Ambition's Not An Awful Word
Zack Zage & Adam Watkins
Ivy, 2012 (2012)
Reviewed by Bob Walch
hildren, when they are young, often have big plans for the future. Ask a little boy or girl what he or she wants to be and you'll get a full range of answers. Usually adults smile and refrain from answering in a negative manner but they might be thinking, '
Yeah, right! I don't think you are going to be an astronaut.
he little boy in this picture book shares a number of his dreams when his fourth grade teacher asks the class what they want to be some day. As you'll see, the precocious youngster's plans are not met with encouragement or great enthusiasm. In fact, just the opposite happens.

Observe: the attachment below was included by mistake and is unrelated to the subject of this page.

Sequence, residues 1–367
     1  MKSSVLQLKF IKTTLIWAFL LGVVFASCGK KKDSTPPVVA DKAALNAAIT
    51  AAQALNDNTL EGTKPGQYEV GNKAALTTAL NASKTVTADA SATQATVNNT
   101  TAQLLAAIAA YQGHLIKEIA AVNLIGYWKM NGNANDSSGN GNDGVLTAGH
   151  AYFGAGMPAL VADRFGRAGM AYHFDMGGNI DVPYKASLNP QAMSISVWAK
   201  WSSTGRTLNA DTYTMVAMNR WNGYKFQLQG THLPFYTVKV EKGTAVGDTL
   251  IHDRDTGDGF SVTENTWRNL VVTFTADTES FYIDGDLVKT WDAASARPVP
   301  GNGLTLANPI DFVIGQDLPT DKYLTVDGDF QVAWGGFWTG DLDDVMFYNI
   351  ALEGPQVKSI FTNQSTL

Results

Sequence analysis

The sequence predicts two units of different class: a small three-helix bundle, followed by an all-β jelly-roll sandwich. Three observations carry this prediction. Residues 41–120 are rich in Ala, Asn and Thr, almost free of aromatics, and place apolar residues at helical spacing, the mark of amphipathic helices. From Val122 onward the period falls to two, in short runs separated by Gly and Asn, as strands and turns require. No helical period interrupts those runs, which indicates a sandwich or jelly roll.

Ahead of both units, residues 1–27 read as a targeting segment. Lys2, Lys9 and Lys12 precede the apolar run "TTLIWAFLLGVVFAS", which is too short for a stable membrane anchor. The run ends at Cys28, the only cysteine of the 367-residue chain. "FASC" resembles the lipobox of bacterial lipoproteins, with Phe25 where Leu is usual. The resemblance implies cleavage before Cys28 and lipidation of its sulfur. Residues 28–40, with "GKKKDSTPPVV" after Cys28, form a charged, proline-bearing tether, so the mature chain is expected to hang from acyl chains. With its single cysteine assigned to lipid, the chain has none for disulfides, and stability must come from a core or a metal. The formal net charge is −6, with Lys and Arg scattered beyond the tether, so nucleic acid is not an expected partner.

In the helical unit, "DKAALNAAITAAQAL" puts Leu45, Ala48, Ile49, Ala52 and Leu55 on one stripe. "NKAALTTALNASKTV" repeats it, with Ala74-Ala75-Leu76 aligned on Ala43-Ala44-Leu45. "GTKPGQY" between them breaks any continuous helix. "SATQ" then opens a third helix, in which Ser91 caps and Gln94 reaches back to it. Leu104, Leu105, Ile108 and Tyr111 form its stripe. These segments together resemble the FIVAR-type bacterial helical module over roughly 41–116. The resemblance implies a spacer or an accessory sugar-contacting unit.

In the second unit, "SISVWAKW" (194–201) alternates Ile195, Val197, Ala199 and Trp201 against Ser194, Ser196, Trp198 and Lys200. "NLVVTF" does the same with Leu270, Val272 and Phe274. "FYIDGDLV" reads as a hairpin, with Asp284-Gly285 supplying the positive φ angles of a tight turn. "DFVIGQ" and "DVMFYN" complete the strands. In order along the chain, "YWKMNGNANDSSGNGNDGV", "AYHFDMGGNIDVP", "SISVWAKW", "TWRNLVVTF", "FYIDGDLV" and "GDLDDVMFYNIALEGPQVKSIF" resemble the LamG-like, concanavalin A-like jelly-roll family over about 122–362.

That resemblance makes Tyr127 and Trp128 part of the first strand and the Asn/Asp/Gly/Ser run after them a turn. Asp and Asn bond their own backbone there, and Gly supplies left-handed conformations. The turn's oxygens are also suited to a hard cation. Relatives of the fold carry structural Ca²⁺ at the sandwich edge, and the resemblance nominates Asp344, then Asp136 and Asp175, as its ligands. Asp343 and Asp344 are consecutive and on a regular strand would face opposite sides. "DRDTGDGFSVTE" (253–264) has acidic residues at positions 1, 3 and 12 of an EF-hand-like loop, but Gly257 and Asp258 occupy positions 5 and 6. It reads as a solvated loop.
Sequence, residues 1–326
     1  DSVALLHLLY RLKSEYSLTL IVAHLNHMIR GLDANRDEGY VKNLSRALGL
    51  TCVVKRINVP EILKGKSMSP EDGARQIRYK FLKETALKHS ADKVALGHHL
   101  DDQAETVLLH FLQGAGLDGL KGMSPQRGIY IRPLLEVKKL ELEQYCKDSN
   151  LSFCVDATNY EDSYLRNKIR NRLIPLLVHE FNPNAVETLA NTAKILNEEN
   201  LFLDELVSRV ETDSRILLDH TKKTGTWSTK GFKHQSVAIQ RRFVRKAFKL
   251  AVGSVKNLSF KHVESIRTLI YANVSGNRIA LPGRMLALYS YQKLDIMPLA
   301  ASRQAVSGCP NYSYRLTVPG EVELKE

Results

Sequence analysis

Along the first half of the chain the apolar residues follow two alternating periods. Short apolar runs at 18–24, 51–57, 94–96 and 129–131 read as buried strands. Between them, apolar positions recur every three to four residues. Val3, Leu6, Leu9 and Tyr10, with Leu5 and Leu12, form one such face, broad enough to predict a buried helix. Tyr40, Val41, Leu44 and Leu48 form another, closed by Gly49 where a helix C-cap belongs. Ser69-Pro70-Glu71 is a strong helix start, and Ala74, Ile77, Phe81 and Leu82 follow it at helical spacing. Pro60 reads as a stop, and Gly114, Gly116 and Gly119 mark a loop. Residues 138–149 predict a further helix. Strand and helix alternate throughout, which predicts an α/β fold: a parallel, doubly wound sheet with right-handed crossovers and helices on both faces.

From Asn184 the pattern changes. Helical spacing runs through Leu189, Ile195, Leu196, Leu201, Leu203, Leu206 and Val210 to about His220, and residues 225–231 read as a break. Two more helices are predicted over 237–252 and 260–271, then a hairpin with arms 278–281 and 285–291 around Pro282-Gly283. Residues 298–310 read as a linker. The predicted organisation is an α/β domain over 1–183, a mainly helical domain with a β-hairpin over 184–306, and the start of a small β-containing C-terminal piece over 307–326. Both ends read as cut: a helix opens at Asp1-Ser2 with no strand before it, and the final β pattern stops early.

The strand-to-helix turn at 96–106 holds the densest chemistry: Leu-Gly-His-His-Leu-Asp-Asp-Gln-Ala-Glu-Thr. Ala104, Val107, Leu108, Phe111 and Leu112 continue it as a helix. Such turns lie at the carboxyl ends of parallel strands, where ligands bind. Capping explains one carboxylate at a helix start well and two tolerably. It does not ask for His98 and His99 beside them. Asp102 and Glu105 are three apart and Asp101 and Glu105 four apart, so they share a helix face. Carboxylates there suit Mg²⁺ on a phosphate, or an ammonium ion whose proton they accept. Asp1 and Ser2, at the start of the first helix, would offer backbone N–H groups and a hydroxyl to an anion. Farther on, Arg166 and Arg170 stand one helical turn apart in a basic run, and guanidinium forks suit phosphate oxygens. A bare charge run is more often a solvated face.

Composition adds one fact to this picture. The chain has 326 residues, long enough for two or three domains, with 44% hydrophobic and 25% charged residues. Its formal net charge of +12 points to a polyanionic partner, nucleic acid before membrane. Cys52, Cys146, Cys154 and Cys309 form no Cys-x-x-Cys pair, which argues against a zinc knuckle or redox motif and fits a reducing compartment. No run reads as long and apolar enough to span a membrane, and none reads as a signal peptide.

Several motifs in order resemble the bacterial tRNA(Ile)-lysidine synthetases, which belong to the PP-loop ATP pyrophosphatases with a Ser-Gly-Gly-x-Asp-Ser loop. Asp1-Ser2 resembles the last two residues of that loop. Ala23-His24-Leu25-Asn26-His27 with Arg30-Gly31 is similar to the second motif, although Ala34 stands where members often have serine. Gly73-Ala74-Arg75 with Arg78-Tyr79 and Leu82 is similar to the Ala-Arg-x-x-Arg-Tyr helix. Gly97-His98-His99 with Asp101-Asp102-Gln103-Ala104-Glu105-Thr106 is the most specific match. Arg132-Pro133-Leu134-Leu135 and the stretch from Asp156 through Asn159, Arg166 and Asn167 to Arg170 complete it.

he boy's classmates respond with, '
You exaggerate. You're nothing but a boast. It's always you who have to be the brightest and the most. So, until the things you do, can back up things you say, the rest of us won't stick around and listen to what you bray.
ather downcast, the fourth grader goes home, but his mother encourages him and assures him that it is OK to dream.
five page glossary accompanies this rhymed narrative which suggests that the author wasn't sure young readers would fathom the text. That potential vocabulary concern is well founded. I found the rhyme forced at times and this may cause problems with younger readers in the seven to ten year old range. Also, it was never clear who was responsible for
each of the boy's dreams. Was it his teacher, his classmates or some mysterious off stage voice?
he book's illustrations are quite good and they will probably save what is otherwise a somewhat flawed text. Although the basic idea here is fine, there's a problem with its execution.
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